I have been to a lot of architecture archives. There were the files from a 35-year practice, stacked in two-by-three foot boxes five high in a storage unit in Norwalk, CT. I and another graduate student dragged them into the fluorescent-lit hallway and pawed through, a five-hour day that would generate enough material for an entire chapter in my dissertation. There was the university archive, where you could only take out one box, one folder at a time and any copy request had to be filed in duplicate. There was the corporate archive, temporarily housed in a warehouse with 30-foot ceilings, where I sat at a folding table next to my very own (free!) Xerox machine. But the most frustrating ones were the lost ones: Why didn’t CBS save any correspondence about the building of their Eero Saarinen headquarters? Why did Florence Knoll Bassett edit her Smithsonian archive with such a heavy hand? Why didn’t Gordon Bunshaft draw?
What provoked this nostalgia for box numbers and call slips is the news in yesterday’s Times that years of files from industrial designer Gilbert Rohde’s office were found in an unpaid storage unit, auctioned sight unseen, and then sold on Ebay. Many design archives — not to mention Rohde’s best-known employer, Herman Miller — are no doubt tearing their hair out right now. Phyllis Ross, who ironically published a long-awaited book on Rohde just this year is now traveling to see the far-flung archive, and will lecture on the new material later this year. One Rohde fan (a collector of his furniture) has posted the items he bought on Flickr for all to see. Phyllis Ross has sent me an email, clarifying the Times story: She wrote her book using Rohde files at over 30 archives, primarily at the Cooper-Hewitt and Herman Miller, and the new archive mostly duplicates the CH holdings. What is new is the 200 glass lantern slides, some in color, Rohde used in his lectures, as well as volumes from Rohde’s library. All of the Ebay material is available for viewing via the Flickr link. My point below remains the same.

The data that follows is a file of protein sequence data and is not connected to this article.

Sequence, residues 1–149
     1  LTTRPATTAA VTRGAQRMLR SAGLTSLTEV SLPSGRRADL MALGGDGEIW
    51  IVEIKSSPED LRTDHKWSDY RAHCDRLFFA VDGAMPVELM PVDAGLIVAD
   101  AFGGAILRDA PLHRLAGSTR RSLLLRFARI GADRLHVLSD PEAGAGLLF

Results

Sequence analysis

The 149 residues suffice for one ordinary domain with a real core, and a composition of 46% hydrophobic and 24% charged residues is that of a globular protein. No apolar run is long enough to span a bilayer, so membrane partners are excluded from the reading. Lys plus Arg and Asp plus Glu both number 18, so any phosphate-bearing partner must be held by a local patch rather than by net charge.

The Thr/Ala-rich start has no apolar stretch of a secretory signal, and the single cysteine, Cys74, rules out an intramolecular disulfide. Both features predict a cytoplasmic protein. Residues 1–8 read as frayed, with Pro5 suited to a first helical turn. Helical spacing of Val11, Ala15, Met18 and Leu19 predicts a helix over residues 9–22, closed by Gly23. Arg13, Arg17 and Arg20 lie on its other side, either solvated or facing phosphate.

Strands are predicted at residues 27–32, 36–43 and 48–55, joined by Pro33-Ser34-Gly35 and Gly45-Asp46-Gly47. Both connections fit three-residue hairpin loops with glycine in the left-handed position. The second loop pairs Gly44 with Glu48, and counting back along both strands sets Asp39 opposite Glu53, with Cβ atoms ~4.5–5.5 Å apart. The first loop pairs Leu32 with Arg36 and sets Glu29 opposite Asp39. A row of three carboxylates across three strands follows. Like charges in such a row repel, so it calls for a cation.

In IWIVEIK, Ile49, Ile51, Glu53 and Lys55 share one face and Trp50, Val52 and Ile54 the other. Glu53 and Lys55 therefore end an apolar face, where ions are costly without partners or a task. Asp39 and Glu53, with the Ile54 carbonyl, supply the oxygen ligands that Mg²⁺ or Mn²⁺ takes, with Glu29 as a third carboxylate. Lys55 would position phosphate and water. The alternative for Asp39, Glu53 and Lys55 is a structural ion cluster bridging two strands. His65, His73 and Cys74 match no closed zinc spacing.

Rohde is a fascinating figure, sometimes overlooked in the history of American modernism. He was the one who introduced the De Prees of Herman Miller to modern design in the 1930s. George Nelson, who followed him and hired the Eameses, Alexander Girard, etc. had had the way paved by Rohde. But the larger story here is about archives: who should have them, and how they should be distributed. I know far too many designer archives that have properly been given to institutions, but then languish unused while the libraries hunt for grants to catalog them. Until there is a Finding Aid, many may as well not exist. Some places won’t even take an archive without an endowment. And some will never have the money to put the cataloged archive online, making it accessible only to the intrepid and funded. There is no substitute for seeing things in person (and in fact, some of the letters the Smithsonian has scanned and put online are all but illegible), but the more archives see the light of digital day, the better for all our visual literacy. That some of Rohde’s papers ended up in private hands is too bad, but the same internet that connected the dealer that bought them to Rohde’s fans can also now connect researchers with the goods. There’s a knee-jerk academic tendency to regard this as a loss, but perhaps this is really the future of research.